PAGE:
Press Release

Person pursues tax hike despite concerns from majority of county commissioners

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RALEIGH — Sharp divisions among Person County commissioners should raise red flags for voters considering a proposed $675,000 sales-tax hike. Three of the five commissioners have questioned the timing and potential negative impact of a tax increase, according to a new John Locke Foundation Regional Brief.

Voters will decide Nov. 2 whether county commissioners can raise the local sales tax rate 0.25 cents. Person County has rejected the idea once before, with 77 percent of voters saying “no” to a higher sales tax in November 2008.

As voters cast ballots this time, JLF experts urge them to consider commissioners’ public concerns about the tax hike, along with vague promises to use the extra money for “quality-of-life” expenses.

“Person County commissioners want voters to approve a $675,000 sales-tax increase — the equivalent of a 1.8-cent property tax hike — at a time of high unemployment,” said Dr. Michael Sanera, JLF Director of Research and Local Government Studies. “And the commissioners are not at all united in pursuing this course.”

Commissioners voted 3-2 in July to place the tax hike on the November ballot. “Voters might want to consider the objections raised among county commissioners as they haggled over this issue,” Sanera said.

Sanera examines the commissioners’ debates and promises with the help of report co-authors Joseph Coletti, JLF Director of Health and Fiscal Policy Studies, and Dr. Terry Stoops, Director of Education Studies.

“According to meeting minutes, Commissioner Sam Kennington cited the negative impact a sales-tax increase would have on Person County’s small businesses,” Sanera said. “He also argued that with nearly 14 percent of Person County families below the poverty level and the unemployment rate at 10.5 percent, the timing was not right to add more tax burden on the citizens.”

Commissioner Kyle Puryear joined Kennington in voting against the sales-tax referendum, citing the negative impact on local merchants, Sanera said. “And the two commissioners casting ‘no’ votes were not alone in raising concerns,” he said. “Commissioner Jimmy Clayton agreed that the timing of the tax increase was not good due to the weak economy. He was willing to send the measure to a vote of the people, but that’s not much of an endorsement.”

Voters also have good reason to question whether Person County needs additional revenue, Sanera said. “In order to build support for the tax increase, the commissioners adopted a resolution stating that the new tax would ‘fund quality-of-life expenses,'” he said. “There’s no definition of ‘quality of life.’ It’s so nebulous that it could include almost anything.”

Person County voters approved in 2008 a $6 million bond package for a recreation and senior center that has not yet been built. The county manager has said Person would need a 2-cent property tax increase to pay for this center, Sanera said. “It’s not clear that the ‘quality-of-life expenses’ mentioned in the commissioners’ tax-hike resolution represent any commitment to fund the recreation and senior center.”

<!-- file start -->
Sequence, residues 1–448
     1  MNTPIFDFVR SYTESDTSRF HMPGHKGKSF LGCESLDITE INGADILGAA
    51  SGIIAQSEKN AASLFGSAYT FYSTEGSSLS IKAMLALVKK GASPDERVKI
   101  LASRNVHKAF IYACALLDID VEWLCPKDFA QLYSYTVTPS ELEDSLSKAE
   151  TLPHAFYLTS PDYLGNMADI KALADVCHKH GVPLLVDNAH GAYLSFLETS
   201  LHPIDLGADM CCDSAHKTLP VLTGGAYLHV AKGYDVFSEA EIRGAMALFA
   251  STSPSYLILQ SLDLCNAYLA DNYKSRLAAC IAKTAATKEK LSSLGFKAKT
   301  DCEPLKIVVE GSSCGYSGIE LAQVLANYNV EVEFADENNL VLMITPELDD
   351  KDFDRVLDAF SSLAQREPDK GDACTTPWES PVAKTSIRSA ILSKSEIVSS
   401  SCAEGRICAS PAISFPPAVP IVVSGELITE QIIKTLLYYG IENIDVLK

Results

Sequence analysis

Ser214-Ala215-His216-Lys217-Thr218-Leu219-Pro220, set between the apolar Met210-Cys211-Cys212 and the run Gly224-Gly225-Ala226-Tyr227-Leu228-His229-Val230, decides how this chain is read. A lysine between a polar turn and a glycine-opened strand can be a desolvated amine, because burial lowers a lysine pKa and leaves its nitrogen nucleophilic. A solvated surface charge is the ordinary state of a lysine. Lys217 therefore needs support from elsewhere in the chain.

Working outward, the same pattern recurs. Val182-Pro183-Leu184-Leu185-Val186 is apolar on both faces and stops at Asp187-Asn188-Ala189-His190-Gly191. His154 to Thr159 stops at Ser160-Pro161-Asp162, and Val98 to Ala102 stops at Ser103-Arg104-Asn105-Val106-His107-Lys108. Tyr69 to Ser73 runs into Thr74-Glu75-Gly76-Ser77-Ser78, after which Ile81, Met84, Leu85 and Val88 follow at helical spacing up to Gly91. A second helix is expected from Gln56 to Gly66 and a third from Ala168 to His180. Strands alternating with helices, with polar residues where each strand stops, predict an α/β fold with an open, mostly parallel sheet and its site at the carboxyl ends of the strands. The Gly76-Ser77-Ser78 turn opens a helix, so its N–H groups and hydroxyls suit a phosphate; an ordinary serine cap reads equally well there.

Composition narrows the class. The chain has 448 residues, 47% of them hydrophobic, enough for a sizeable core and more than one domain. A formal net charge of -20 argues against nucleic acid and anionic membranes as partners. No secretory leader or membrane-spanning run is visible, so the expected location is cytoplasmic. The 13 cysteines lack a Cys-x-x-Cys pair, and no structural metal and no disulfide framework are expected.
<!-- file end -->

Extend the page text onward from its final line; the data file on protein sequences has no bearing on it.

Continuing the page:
County Manager Heidi York has noted correctly that the resolution does not restrict future commissioners in any way, Sanera said. “She should have added that this resolution does not even bind the current board to stick with its promise,” he said. “The current board, by law, can spend the funds from the tax increase for any legal purpose.”

Puryear cast the lone vote against the resolution. “He argued that the sales-tax hike was a burden on taxpayers, and he expressed his ‘preference to lowering the tax rate to rejuvenate the economy and the citizens of Person County,'” Sanera said.

Since the General Assembly decided in 2007 to give each North Carolina county the chance to seek voter approval for higher sales or land-transfer taxes, voters have rejected the taxes 68 times in 85 tries.

“Citizens at all levels — federal, state, and local — are frustrated with excessive and wasteful government spending,” Sanera said. “They believe they are not getting value for their tax dollars. County spending is no different. Person County voters have a chance to send commissioners a clear message Nov. 2.”

Michael Sanera, Terry Stoops, and Joseph Coletti’s Regional Brief “Tax Hike in Person Would Be Bad for Small Business: Three of Five Commissioners Agree” is available at the JLF Web site. For more information, please contact Sanera at (919) 828-3876 or [email protected]. To arrange an interview, contact Mitch Kokai at (919) 306-8736 or [email protected].

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We are North Carolina’s Most Trusted and Influential Source of Common Sense. The John Locke Foundation was created in 1990 as an independent, nonprofit think tank that would work “for truth, for freedom, and for the future of North Carolina.” The Foundation is named for John Locke (1632-1704), an English philosopher whose writings inspired Thomas Jefferson and the other Founders.

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